06 Nov How the Internet of Things is distrupting our lives
The real impact of Internet of Things technologies is often misunderstood as its real potentials are in the ability to impact on our health and quality of life.
As part of the series of guest posts named Thoughts Leaders’ Corner, here is a very interesting article from Dana Blouin, who is one of the world leading influencers on the Internet of Things. I hope you will enjoy it!
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It seems a bit clichéd to say our world is becoming far more connected day by day, but that doesn’t make it a false statement. It seems like every week there is some new connected device hitting the market, devices for our home, car, office and even our person. Lately it is the devices we put on ourselves, or I should say the devices we carry daily that have become of great interest to me, but I will get to that in a moment.
While the connectivity of the Internet of Things is fantastic and really allows us to leverage tech in a lot of new ways, but to drive value long term it’s not enough. To better leverage the connected devices that the IoT offers us we need to collect the raw data and leverage it to create insights; that is what creates real value.
So, now lets get back to the area I mentioned has become of great interest to me, connecting ourselves in ways that allows us to collect data and generate insights, creating the quantified self. For the past 5+ years I have played with just about every wearable that has hit the market and tried to see what insights they have been able to offer me. Early on these were single function wearables that would track my activity levels, maybe even the level of intensity in of my workouts. The problem with these devices was that my phone replaced them, and for the vast majority of wearables my phone does the same task better, it measures my daily steps, the intensity of my workouts, links to my scales to allow me to track my weight and when paired with a modern smart watch I can get even more data.
That’s not to say wearables have no value anymore, but it’s becoming increasingly difficult to make a case for them against something the vast majority of us carry on a daily basis, our phone. I will admit, I am a bit biased, I have been making the case for years that the smartphone is our gateway to the Internet of Things, both in how we interact with devices and in how we capture data about ourselves.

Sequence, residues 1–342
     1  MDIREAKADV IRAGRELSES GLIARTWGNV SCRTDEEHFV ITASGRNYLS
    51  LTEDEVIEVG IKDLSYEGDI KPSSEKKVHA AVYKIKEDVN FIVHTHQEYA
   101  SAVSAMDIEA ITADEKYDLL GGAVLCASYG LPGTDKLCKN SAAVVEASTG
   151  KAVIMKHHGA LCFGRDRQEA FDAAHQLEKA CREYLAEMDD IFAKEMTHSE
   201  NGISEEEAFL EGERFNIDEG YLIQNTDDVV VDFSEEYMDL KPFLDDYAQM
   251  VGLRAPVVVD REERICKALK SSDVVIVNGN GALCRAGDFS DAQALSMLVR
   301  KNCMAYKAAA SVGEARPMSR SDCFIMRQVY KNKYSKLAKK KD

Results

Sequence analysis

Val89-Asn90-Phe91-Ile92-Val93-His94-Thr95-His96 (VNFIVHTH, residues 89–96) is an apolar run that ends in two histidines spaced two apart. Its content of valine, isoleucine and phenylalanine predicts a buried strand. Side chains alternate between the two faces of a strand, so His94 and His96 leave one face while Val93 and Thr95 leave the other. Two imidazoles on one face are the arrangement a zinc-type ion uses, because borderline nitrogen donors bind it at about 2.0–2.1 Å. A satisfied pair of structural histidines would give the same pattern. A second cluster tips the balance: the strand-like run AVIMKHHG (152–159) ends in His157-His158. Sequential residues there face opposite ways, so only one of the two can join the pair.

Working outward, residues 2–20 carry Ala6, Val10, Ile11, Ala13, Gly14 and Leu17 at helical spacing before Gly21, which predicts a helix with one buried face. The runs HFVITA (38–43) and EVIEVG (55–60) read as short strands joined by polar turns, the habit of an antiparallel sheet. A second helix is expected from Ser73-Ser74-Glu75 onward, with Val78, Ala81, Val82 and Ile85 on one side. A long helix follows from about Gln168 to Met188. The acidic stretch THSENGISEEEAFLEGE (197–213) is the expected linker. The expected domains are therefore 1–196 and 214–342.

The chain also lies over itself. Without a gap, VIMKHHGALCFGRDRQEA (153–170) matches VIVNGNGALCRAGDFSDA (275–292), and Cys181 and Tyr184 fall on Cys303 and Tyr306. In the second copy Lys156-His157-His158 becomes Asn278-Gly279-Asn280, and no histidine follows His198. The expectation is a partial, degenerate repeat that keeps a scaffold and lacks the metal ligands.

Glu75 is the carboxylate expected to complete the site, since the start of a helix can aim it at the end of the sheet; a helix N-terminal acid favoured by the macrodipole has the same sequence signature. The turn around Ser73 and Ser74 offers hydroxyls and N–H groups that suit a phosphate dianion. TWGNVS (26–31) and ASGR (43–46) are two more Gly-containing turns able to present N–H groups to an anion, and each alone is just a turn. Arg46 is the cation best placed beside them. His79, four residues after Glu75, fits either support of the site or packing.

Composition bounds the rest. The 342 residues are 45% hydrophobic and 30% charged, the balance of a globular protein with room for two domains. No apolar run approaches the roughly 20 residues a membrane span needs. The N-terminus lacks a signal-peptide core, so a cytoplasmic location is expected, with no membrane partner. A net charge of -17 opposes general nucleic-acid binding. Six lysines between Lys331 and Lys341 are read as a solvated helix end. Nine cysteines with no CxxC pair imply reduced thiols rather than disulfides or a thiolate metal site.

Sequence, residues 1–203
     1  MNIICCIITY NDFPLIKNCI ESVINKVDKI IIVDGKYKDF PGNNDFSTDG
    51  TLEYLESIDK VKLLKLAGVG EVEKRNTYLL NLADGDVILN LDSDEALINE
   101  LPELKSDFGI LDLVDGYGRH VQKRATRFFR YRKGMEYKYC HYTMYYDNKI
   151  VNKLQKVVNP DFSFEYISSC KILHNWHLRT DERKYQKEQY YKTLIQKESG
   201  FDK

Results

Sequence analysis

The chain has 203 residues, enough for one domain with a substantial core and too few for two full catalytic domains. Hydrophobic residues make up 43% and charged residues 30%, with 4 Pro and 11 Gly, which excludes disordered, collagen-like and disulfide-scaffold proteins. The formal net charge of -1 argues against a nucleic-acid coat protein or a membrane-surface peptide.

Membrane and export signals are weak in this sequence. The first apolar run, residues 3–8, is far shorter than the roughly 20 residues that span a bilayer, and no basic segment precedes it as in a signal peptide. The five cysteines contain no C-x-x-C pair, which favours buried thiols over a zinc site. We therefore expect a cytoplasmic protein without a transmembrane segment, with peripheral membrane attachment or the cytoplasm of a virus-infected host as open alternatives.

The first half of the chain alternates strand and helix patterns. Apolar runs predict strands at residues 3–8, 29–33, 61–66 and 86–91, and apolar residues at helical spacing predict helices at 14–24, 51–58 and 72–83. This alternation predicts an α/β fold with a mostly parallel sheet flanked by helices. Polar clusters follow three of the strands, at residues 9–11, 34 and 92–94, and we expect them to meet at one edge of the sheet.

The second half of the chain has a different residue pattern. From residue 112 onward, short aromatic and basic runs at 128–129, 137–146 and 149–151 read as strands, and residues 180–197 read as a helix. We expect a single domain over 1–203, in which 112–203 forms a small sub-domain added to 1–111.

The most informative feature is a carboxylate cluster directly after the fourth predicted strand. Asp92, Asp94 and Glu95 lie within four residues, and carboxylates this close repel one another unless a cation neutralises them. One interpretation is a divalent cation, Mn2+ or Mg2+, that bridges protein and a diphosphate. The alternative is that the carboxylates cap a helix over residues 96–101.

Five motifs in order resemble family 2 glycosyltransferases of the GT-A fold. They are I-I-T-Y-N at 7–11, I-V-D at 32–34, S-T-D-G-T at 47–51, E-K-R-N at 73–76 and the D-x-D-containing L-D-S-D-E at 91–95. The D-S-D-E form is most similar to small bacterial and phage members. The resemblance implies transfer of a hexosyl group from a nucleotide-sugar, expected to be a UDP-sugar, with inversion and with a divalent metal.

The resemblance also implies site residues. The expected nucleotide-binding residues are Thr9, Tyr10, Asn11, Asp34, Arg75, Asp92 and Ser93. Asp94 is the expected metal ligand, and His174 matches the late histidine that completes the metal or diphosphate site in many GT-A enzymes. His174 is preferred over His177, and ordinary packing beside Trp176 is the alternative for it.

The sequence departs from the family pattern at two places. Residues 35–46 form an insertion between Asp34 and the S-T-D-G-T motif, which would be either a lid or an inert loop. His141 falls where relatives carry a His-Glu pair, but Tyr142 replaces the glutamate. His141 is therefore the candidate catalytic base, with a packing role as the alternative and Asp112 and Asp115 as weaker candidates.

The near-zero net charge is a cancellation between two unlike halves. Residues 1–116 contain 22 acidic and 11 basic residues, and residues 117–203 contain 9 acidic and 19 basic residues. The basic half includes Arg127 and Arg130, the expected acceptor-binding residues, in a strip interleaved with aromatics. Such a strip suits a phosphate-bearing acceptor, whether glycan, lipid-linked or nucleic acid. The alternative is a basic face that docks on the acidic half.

Given that we have this device on our person at all times it makes sense that the smartphone becomes our primary means of interacting with the IoT and collecting our personal data. From the time I replaced my first wearable activity tracker with an app on my phone I became extremely interested in the idea of quantified self, and how that data can be used to improve our health and quality of life.
The short and long term benefits of quantified self through IoT are pretty vast. In the short term one can use it to manage their weight, track fitness progress or their daily activity levels and even their amount of sleep daily and for an immediate benefit that’s not to bad considering it’s something that can be done just from a device you keep in your pocket and use to message friends, post pictures of your lunch to Instagram and watch cat videos on YouTube, at least that’s what I use it for.
Like with most things related to IoT it’s as this data builds over time when real benefit comes into play. By tracking your basic activity and fitness overtime you can begin to identify trends and make changes to your daily life to be more active to improve your health and fitness.
While there is a lot that can be done just through our smartphone, which is packet with sensors and different mediums of connectivity, one could also take the idea of quantified self to another level by adding some additional connected devices to the mix. A multifunction wearable device like a smartwatch that also tracks heart rate and will allow deeper insights into your data. Perhaps add a few smart home devices like a connected scale or blood pressure cuff, this automates these processes and again, allows for even deeper insights into the data you are collecting about your self, your health and your body.
Even adding in these other devices into the mix the smartphone is still the gateway IoT device for the quantified self. It provides the connectivity needed for the other devices, stores the data and allows you to view detailed reports, gain insights and identify trends and patterns over time.
Long term this is the type of data that will allow you to live healthier and a more productive life. The Internet of Things is impacting a lot of different aspects of our lives, our cities and homes are becoming smarter, our cars are connected and advertisers are leveraging all of that data to target us, but at the end of the day the one thing the Internet of Things has the most potential to truly distrupt is us, our health and the quality of our life.
If you found this article interesting, please share it on your favourite social media. And for more discussions around the topic, you can follow Dana Blouin on his LinkedIn and Twitter profiles. Also, if you want to contribute to the Thought Leaders’ Corner, here are the guidelines for guest posts.